Great to be home again to nutritious vegetarian food! Presenting this week’s two dishes, each lasting two days: dried broad bean falafels (with golpar spice) and a mixed cellar veggie wholegrain sourdough pizza with masses of forced dandelions and perennial kale shoots!
Some pictures of RHS Wisley’s National Rhubarb collection in mid-April 2009. It comprised some 151 plants including a few “ornamental” rhubarbs as well as species.
You will find more about using rhubarb as a perennial vegetable in my book Around the World in 80 plants!
Last week, I blogged about a fantastic visit to a wasabi farm on the Izu peninsular in Japan during spring 2016, see
This was close to one of the world’s most amazing road bridges, the Kawazu-Nanadaru Loop Bridge, a double spiral bridge finished 37 years ago in 1982, see https://www.dangerousroads.org/asia/japan/895-kawazu-nanadaru-loop-bridge-japan.html
Here’s a short video driving the loops:
Nearby was a shop selling a myriad of wasabi products! Let me know if you can translate any of the signs in the album! At the bottom are a few pictures from a popular nearby walk, the Kawazu Seven Falls.
We did a small hike along the Kawazu Seven Falls trail:
An album of pictures from my visit to RHS Wisley Gardens on 11th March 2019 just outside of London, one of my favourite gardens for edimental spotting which I’ve visited many times over the years. I’ve added comments of edibility to most pictures!
My second talk in the UK was in Cobham in Surrey for Plant Heritage, an organisation that administers 620 national plant collections (https://www.nccpg.com) including Jackie Currie’s national Allium collection. She is the reason I was asked to give this talk as I visited her a year ago! For the fourth time I gave a talk in a church (St. Andrew’s) as there was a double booking in the church hall (I talked in the church at Todmorden a few years ago and twice in churches in Ottawa!). A well attended evening with a knowledgeable group and several said they would be trying Hosta this spring :)
Thanks to board member Wendy Bentall who picked me up at Wisley and put me up for the night in, naturally, the Priest House flat in her garden which is in another village, Chobham, only 20 minutes away from Cobham!
On 3rd April 2016 I was on an amazing study tour in Japan to witness first hand the cultivation of perennial vegetables. These are wild native species which were previously wild foraged in Japan but are now cultivated to meet demands for what is collectively known as sansai (mountain veggies). There’s a whole section of supermarkets devoted to sansai. The one we are most familiar with in the west is wasabi, but for most of us it is in name only as it is almost always horseradish, mustard and food colouring which are the ingredients of wasabi sauce offered in sushi bars, rather than genuine wasabi (Wasabia japonica).
The farm we visited was on the Izu peninsula, a popular tourist area. It was one of the most beautiful and naturalistic farms that I’ve witnessed anywhere and could be categorised as a permaculture forest garden with shade-loving wasabi growing in running water diverted from a river into an intricate series of neatly set out beds and intercropped with trees like loquat and other fruit. Most of the work seems to be done manually.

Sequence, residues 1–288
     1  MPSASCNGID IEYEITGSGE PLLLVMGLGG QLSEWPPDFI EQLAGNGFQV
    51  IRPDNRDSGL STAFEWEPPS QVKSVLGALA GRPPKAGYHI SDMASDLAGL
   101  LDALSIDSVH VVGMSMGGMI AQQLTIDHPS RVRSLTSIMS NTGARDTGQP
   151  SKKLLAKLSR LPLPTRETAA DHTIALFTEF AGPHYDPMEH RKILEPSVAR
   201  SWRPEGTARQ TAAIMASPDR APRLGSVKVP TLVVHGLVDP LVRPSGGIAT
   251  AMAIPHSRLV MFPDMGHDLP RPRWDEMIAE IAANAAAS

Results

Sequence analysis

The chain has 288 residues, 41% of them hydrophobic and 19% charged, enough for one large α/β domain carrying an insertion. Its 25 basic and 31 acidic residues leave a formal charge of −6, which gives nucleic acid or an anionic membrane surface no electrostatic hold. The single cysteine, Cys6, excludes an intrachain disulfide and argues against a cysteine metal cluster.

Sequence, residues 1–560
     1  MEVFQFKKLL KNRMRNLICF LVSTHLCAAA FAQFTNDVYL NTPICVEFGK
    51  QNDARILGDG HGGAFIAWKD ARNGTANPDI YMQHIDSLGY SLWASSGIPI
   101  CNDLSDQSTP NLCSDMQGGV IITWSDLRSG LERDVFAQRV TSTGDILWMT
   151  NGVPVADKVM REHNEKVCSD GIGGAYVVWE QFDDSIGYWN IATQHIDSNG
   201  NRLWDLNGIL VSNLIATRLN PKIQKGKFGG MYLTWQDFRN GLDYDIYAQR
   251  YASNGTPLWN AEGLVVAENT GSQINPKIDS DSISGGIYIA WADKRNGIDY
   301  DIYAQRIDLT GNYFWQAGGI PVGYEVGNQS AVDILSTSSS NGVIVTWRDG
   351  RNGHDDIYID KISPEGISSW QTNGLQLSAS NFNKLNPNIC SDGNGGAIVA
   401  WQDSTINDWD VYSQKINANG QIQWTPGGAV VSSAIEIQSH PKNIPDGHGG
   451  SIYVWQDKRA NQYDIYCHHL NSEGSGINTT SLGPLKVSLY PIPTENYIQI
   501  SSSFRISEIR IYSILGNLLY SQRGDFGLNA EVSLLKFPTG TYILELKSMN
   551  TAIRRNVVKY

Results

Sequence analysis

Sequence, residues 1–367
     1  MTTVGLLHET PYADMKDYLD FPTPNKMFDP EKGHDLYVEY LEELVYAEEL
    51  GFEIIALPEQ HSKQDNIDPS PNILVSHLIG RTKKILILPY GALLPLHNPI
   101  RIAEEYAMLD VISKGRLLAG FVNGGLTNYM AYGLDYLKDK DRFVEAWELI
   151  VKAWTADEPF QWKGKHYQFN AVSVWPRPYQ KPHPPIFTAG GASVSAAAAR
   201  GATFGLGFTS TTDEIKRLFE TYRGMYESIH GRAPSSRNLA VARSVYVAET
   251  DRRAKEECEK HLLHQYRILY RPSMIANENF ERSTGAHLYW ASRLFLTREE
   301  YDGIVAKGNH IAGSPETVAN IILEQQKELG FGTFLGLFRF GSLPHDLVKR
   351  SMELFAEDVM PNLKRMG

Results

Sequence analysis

First, a few videos from the farm and below can be found an album of pictures of wasabi and other plants we saw, including at a shrine and associated vegetable garden adjacent to the farm! Wasabi has very narrower ecological requirements to produce well, including shade and running cool mountain spring water.
17th March 2019: I’m adding three pictures at the bottom of a group of “wild” wasabi plants growing in quite a dry shady environment in the hills near to Toyota in Japan!
I’m adding below three pictures of a group of wasabi plants growing in quite a dry shady environment in the hills near to Toyota in Japan:
…and a flowering plant in the Kyoto Botanical Gardens:
A multispecies barlemmotto for dinner last night. Barlemmotto? Think risotto made instead with wholegrain BARley and EMMer wheat grains :) The ingredients are shown with the pictures!
One of the hardiest fungi appears often midwinter in mild winters. It is the velvet shank (vintersopp in Norwegian, meaning winter fungus; Flammulina velutipes). The recent mild weather has brought on a flush of this edible species with many reports on Norwegian fungi groups, and I too found a small group in my garden the other day. It’s difficult to believe that this is the same fungi as Enokitake or Enoki, sometimes offered in supermarkets and one of the most popular cultivated fungi in the Far East (see the last picture below). The cultivated fungi are long and white as they are grown in the dark in an enriched CO2 environment which gives longer stalks .
98% full moon rising over the airport at Stjørdal this evening!